Darcy and Elizabeth discuss how their love began and how it developed. Darcy writes to inform Lady Catherine of his engagement, while Mr. Bennet sends a letter to Mr. Collins to do likewise. The Collinses come to Longbourn to congratulate the couple (and escape an angry Lady Catherine), as do the Lucases and Mrs. Phillips.
After the weddings, Bingley purchases an estate near Pemberley, and the Bennet sisters visit one another frequently. Kitty is kept away from Lydia and her bad influence, and she matures greatly by spending time at her elder sisters’ homes. Lydia and Wickham remain incorrigible, asking Darcy for money and visiting the Bingleys so frequently that even the good-humored Bingley grows tired of them. Elizabeth becomes great friends with Georgiana. She even comes to interact on decent terms with Miss Bingley. Lady Catherine eventually accepts the marriage and visits her nephew and his wife at Pemberley. Darcy and Elizabeth continue to consider the Gardiners close friends, grateful for the fact that they brought Elizabeth to Pemberley the first time and helped to bring the two together.
Lady Catherine is the last of the many obstacles facing the romance between Darcy and Elizabeth, and Elizabeth’s confrontation with her marks the heroine’s finest moment. This encounter crystallizes the tensions that their difference in social status has created. All of the qualities that Elizabeth has embodied thus far—intelligence, wit, lack of pretense, and resistance to snobbery—are evident in her dialogue. Lady Catherine, with the weight of birth and money on her side, responds to Elizabeth’s brazenness with a snobbishness that reflects her unassailable preoccupation with social concerns and demonstrates her lack of appreciation for the richness of Elizabeth’s character. Elizabeth, of course, has not yet received a new proposal of marriage from Darcy and has no way of knowing if one is forthcoming, but her pride in herself and her love of Darcy allow her to stand up to the domineering Lady Catherine. With the expression of her beliefs, Elizabeth demonstrates the enduring strength of her will and self-respect.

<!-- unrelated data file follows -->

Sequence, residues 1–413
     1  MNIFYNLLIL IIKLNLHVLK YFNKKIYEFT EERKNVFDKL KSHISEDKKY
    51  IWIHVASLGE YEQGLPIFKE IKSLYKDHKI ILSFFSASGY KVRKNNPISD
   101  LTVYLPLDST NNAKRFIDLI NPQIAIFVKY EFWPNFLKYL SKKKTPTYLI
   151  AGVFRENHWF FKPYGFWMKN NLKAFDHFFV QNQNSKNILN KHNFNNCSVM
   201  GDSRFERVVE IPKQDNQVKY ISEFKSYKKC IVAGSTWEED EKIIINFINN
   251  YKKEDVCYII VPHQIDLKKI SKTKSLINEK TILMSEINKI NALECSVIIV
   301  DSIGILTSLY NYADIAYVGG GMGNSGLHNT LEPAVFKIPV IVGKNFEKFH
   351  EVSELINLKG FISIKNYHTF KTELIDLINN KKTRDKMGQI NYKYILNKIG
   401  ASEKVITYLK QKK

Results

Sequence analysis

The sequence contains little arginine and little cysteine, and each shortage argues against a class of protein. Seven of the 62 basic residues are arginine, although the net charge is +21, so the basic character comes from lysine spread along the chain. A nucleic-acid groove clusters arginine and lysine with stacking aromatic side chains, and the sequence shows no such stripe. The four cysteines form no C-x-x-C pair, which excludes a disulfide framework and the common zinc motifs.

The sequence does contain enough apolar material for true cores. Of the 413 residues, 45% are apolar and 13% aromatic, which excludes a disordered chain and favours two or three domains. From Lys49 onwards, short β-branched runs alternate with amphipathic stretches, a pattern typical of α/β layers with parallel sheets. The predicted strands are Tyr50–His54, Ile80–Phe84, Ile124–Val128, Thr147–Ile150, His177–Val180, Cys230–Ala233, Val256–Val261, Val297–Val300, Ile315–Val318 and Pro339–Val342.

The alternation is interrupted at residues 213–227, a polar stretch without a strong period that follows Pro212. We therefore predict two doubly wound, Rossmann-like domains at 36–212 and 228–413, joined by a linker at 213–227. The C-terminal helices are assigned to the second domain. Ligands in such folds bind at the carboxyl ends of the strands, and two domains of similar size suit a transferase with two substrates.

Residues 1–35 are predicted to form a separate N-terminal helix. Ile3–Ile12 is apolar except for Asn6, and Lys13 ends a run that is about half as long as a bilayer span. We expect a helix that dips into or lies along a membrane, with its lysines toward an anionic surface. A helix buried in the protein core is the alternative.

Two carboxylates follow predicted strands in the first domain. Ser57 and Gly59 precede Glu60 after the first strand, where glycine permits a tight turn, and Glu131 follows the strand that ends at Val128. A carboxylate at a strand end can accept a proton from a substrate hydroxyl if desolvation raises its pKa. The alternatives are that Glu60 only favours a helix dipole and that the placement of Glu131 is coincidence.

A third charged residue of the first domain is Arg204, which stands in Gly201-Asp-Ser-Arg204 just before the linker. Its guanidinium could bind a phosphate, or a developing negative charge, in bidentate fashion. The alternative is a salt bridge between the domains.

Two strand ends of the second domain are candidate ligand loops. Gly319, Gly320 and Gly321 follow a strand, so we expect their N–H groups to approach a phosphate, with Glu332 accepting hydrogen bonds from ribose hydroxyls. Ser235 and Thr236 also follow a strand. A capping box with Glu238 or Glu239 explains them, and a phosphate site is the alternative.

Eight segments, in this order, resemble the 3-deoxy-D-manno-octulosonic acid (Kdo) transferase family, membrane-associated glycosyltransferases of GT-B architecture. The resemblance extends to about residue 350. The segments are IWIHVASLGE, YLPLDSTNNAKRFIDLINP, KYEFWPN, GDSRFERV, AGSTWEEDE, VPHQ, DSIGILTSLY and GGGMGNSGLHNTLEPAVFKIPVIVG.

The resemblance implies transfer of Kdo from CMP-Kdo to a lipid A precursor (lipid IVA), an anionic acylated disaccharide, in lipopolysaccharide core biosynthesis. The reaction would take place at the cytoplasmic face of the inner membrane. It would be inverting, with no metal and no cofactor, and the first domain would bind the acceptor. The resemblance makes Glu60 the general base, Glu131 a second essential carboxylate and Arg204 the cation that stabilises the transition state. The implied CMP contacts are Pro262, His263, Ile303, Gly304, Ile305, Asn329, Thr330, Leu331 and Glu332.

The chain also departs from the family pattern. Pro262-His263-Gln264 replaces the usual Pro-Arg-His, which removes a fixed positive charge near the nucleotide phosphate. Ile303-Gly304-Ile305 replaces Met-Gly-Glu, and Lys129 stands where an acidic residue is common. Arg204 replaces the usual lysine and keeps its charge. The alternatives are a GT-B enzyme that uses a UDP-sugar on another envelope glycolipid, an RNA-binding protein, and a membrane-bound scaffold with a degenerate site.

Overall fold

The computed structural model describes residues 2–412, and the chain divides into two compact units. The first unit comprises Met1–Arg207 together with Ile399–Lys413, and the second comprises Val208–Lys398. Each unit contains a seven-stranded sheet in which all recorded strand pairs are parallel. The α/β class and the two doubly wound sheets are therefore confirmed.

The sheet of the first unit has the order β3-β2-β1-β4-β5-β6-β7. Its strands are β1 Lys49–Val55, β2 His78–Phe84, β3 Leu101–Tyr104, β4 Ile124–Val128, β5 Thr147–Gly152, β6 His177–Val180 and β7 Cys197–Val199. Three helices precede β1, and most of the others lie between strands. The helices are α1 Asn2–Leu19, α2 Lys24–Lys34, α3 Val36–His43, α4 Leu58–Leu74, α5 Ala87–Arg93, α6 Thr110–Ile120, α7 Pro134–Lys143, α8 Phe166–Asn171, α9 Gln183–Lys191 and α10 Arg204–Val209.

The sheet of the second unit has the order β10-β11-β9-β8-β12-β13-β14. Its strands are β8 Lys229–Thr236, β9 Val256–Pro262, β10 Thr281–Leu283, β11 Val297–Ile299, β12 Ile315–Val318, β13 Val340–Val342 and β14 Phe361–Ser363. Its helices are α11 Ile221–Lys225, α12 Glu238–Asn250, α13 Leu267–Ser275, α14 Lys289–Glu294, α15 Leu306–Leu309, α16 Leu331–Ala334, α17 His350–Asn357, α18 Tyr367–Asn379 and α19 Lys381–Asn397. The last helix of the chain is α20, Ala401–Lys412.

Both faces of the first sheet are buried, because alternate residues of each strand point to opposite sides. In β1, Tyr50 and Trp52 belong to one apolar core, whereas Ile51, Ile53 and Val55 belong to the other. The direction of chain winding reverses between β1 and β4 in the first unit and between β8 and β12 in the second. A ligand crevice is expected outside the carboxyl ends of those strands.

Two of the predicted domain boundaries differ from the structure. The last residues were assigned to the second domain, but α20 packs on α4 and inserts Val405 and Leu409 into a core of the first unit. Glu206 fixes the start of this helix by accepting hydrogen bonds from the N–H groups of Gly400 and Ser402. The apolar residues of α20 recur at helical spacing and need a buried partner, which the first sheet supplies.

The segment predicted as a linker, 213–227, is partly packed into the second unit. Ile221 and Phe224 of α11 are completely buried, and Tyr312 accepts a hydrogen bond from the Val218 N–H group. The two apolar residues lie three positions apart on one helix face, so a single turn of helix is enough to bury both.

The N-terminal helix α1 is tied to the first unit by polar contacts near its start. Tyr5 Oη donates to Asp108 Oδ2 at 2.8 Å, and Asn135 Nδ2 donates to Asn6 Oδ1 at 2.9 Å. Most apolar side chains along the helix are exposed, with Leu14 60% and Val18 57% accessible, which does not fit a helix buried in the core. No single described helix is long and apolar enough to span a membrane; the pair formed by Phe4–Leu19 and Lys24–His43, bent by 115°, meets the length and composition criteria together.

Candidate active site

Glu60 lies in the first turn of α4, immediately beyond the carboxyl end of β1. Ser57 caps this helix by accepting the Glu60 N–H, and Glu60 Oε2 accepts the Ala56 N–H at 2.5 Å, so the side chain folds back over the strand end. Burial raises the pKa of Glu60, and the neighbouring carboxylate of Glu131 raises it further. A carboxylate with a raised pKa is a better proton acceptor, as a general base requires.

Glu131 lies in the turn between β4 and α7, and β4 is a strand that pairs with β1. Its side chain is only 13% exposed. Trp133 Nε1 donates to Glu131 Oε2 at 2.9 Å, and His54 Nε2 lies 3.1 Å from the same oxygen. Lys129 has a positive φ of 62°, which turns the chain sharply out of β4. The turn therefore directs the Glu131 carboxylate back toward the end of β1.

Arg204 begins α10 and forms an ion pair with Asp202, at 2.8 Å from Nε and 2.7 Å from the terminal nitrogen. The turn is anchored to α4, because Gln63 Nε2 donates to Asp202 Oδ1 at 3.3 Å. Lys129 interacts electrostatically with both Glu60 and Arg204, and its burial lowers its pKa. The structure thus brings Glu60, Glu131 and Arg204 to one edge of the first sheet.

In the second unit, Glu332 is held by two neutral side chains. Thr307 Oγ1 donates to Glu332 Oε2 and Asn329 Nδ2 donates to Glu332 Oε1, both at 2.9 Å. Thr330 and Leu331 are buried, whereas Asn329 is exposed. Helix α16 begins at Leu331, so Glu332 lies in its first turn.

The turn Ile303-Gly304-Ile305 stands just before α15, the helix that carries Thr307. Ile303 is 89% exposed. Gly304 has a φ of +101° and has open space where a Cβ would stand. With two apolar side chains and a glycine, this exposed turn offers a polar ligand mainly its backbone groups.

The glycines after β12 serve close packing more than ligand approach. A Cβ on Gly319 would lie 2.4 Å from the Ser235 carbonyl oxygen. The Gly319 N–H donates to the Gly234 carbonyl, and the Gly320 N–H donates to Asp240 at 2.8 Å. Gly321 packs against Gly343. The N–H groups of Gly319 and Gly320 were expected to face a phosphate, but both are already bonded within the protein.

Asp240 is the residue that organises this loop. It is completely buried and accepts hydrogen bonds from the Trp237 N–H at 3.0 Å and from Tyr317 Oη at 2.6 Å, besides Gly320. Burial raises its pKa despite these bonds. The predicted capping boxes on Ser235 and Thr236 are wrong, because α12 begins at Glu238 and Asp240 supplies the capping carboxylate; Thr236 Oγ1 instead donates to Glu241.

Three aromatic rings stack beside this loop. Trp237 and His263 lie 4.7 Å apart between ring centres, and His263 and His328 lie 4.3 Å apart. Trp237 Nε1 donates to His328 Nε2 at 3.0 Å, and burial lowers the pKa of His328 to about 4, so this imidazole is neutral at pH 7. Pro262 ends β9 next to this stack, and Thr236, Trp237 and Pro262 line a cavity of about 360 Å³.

After the dynamic confrontation between these two firebrands, Darcy’s proposal, theoretically the climax of the novel, is almost a letdown. As noted previously, Austen rarely stages successful proposals in full; accordingly, the narrator summarizes Elizabeth’s affirmative response to Darcy’s bid in a brief paragraph. Some critics argue that the novel becomes simplistic in this third and final part—that Darcy’s character changes too drastically from the arrogant figure of the opening chapters. One can also argue, however, that his initial pride feeds to some extent off of Elizabeth’s initial prejudice, and that as one dissolves as its bearer matures, so does the other.
It is the nature of Austen’s novels that romance must win out over all of the obstacles, whether social or personal, that it faces. Just as love triumphs over pride in social status for Darcy, it triumphs over prejudice for Elizabeth. Elizabeth’s friends and family, thinking that she dislikes Darcy, ask her if she is marrying for love; in the end, in Austen, despite the undeniably relevant social issues of class, money, and practicality, this question always proves most important.